Never Buy A Bad Kindle Book Again: Tips To Help You Avoid The Clunkers

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Don’t you just HATE it when you finally fork over the money for a new Kindle book, only to find a few chapters in that not only is it NOT worth the price you paid for it, it’s not even worth your TIME? That doesn’t ever have to happen again.

Four Tools To Improve Your Odds Of Getting A Great Kindle Book

Here are three ways to find out before you buy whether or not you’re likely to enjoy a given book, plus one tip to help you deal with those books you’re pretty sure aren’t very good, but which everyone is raving about to the point where you just want to know what the big deal is. The books scattered throughout this post were all bestsellers and have very high average review ratings, yet I found them all disappointing at best, infuriatingly bad at worst. It just goes to show you: sometimes, bestseller status and a high average Amazon review rating are no guarantee you’ll like the book.


1. Where To Find Better, Longer Book Descriptions

Did you know that the where a print edition is available for a book from a major publisher, the book description on the hard copy book’s Amazon product page doesn’t always match the Kindle book description? Descriptions for hardcover editions are almost always MUCH longer, probably because the hardcover edition is usually released first and the publisher puts a lot of effort into getting as many people to buy the book in hardcover as possible.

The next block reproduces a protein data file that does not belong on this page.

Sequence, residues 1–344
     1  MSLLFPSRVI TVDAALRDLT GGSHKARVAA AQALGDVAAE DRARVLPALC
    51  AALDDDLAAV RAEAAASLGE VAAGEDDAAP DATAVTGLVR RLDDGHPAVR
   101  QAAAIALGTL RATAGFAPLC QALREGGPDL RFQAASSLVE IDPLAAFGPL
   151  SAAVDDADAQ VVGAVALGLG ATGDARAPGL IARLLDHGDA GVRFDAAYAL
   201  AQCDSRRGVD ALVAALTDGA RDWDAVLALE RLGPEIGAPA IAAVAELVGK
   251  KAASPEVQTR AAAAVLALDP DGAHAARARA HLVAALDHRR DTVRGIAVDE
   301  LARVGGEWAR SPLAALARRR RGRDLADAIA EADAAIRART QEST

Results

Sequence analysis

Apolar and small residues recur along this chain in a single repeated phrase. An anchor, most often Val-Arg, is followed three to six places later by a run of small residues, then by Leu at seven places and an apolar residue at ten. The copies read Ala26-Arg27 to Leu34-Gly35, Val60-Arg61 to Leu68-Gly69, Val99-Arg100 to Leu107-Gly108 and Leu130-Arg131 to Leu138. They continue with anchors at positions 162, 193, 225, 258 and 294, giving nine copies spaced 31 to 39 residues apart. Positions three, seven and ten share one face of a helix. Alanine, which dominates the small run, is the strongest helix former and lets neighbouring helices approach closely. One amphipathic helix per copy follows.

So if the Kindle edition’s brief description is TOO brief, try clicking the link for a print edition—ideally, the hardcover edition—where one is available. Just don’t forget to click back over to the Kindle edition if you’ve decided to buy it.


2. When You’re On The Fence, Look The Book Up On Goodreads

If you’re concerned about the possibility of fake reviews on Amazon, or you’ve simply got doubts about the trustworthiness of Amazon book reviews due to things like the Top Reviewer system or people using the Amazon reviews platform just to get attention, Goodreads is where you need to start going for honest book reviews.

Goodreads is an online community for book lovers that was around LONG before Amazon bought it a couple years back, and Amazon hasn’t done anything to interfere with its existing community or reviews system. This reader-centric site has tens of thousands of reviews from thousands of readers, the great majority of whom are just regular consumers like you and me, not professional reviewers or publishing wonks. The site’s terms of use keep a tight reign on any fakery or other shenanigans, and while you must be a registered user to get the full use of the site, membership is totally free.

Once you’re a member, you can search by book title, author, genre, keyword or username. Once you’ve found your book, just as on Amazon you can view overall star ratings and read individual reader reviews. If you’re not sure whether a given reviewer’s tastes align with your own, you can click on the username to see how that person felt about other books, some of which you may own and have your own opinions about. If you find a reviewer whose tastes align very well with your own, you can ‘friend’ or ‘follow’ that reviewer, to be alerted to any new reviews that user posts.